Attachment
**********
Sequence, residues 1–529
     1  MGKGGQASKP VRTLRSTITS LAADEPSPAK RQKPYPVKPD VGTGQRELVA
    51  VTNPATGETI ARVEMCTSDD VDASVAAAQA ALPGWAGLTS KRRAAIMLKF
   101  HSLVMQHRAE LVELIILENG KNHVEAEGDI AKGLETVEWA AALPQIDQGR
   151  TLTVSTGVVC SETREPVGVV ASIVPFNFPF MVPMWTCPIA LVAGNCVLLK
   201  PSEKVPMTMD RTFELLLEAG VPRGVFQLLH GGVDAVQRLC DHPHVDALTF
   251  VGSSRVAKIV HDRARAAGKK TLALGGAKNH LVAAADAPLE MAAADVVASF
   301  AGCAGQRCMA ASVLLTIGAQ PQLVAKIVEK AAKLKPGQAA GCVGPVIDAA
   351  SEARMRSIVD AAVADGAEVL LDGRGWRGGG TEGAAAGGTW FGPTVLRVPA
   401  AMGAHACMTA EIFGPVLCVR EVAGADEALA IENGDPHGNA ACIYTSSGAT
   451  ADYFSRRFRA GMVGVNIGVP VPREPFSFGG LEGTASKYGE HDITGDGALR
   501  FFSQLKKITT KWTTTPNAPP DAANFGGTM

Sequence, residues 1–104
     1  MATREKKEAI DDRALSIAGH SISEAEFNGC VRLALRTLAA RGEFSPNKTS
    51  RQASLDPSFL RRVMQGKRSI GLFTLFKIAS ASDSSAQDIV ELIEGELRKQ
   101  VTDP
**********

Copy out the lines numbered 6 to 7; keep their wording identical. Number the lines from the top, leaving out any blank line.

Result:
   201  PSEKVPMTMD RTFELLLEAG VPRGVFQLLH GGVDAVQRLC DHPHVDALTF
   251  VGSSRVAKIV HDRARAAGKK TLALGGAKNH LVAAADAPLE MAAADVVASF